Doctors and nurses - different types

Alternative names
Physicians and nuses - different types; Health care provider types; Types of health care providers; Nurses and doctors - different types


This article describes health professionals who provide primary care, nursing care, and specialty care. This is just one way of organizing the many types of health care providers.


A primary care provider (PCP) is a person you may see first for checkups and health problems. If you have a health care plan, find out what type of practitioner can serve as your PCP.

  • The term “generalist” often refers to medical doctors (MDs) and doctors of osteopathic medicine (DOs) who specialize in internal medicine, family practice, or pediatrics.  
  • OB/GYNs are doctors who specialize in obstetrics and gynecology, including women’s health care, wellness, and prenatal care. Many women use an OB/GYN as their primary care provider.  
  • Nurse practitioners (NPs) are nurses with graduate training. They can serve as a primary care provider in family medicine (FNP), pediatrics (PNP), adult care (ANP), or geriatrics (GNP). Others are trained to address women’s health care (common concerns and routine screenings) and family planning. In some states NPs can prescribe medications.  
  • A physician assistant (PA) can provide a wide range of services in collaboration with a Doctor of Medicine (MD) or Osteopathy (DO).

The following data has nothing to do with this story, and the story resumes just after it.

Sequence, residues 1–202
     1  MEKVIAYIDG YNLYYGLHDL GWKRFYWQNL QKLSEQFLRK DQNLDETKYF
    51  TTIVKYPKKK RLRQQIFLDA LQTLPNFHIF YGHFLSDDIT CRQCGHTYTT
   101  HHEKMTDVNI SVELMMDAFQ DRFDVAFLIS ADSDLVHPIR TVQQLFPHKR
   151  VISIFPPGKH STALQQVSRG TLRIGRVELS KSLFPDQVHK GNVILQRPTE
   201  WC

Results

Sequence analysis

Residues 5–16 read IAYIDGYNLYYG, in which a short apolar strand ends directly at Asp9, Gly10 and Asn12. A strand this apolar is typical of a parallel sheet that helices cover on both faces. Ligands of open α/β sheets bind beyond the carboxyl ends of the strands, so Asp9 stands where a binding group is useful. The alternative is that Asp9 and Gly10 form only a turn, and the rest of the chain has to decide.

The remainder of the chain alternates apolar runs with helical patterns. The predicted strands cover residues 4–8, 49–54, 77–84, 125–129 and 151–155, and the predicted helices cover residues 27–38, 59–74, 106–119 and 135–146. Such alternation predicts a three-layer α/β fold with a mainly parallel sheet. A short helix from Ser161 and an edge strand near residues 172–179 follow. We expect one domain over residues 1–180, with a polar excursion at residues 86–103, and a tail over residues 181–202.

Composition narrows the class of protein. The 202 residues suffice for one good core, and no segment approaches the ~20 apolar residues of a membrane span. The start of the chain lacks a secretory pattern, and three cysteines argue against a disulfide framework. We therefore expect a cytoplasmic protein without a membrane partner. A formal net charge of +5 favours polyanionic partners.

• Registered nurses (RNs) have graduated from a nursing program, have passed a state board examination, and are licensed by the state.  
  • Licensed practical nurses (LPNs) are state-licensed caregivers who have been trained to care for the sick.  
  • Advanced practice nurses have education and experience beyond the basic training and licensing required of all RNs. This includes nurse practitioners (NPs) and the following:       o Clinical nurse specialists (CNSs) have training in a field such as cardiac, psychiatric, or community health.       o Certified nurse midwives (CNMs) have training in women’s health care needs, including prenatal, labor and delivery, and postpartum care.       o Certified registered nurse anesthetists (CRNAs) have training in the field of anesthesia.


Your primary care provider may refer you to professionals in various specialties when necessary, such as:

  • Allergy and asthma  
  • Anesthesiology - general anesthesia or spinal block for surgeries and some forms of pain control  
  • Cardiology - heart disorders  
  • Dermatology - skin disorders  
  • Endocrinology - hormonal and metabolic disorders, including diabetes  
  • Gastroenterology - digestive system disorders  
  • General surgery - common surgeries involving any part of the body  
  • Hematology - blood disorders  
  • Immunology - disorders of the immune system  
  • Infectious disease - infections affecting the tissues of any body system  
  • Nephrology - kidney disorders  
  • Neurology - nervous system disorders  
  • Obstetrics/gynecology - pregnancy women’s reproductive disorders  
  • Oncology - cancer treatment  
  • Ophthalmology - eye disorders and surgery  
  • Orthopedics - bone and connective tissue disorders  
  • Otorhinolaryngology - ear, nose, and throat (ENT) disorders  
  • Physical therapy and rehabilitative medicine - for disorders such as low back injury, spinal cord injuries, and stroke  
  • Psychiatry - emotional or mental disorders  
  • Pulmonary (lung) - respiratory tract disorders  
  • Radiology - X-rays and related procedures (such as ultrasound, CT, and MRI)  
  • Rheumatology - pain and other symptoms related to joints and other parts of the musculoskeletal system  
  • Urology - disorders of the male reproductive and urinary tracts and the female urinary tract


Johns Hopkins patient information

Last revised: December 5, 2012
by Potos A. Aagen, M.D.

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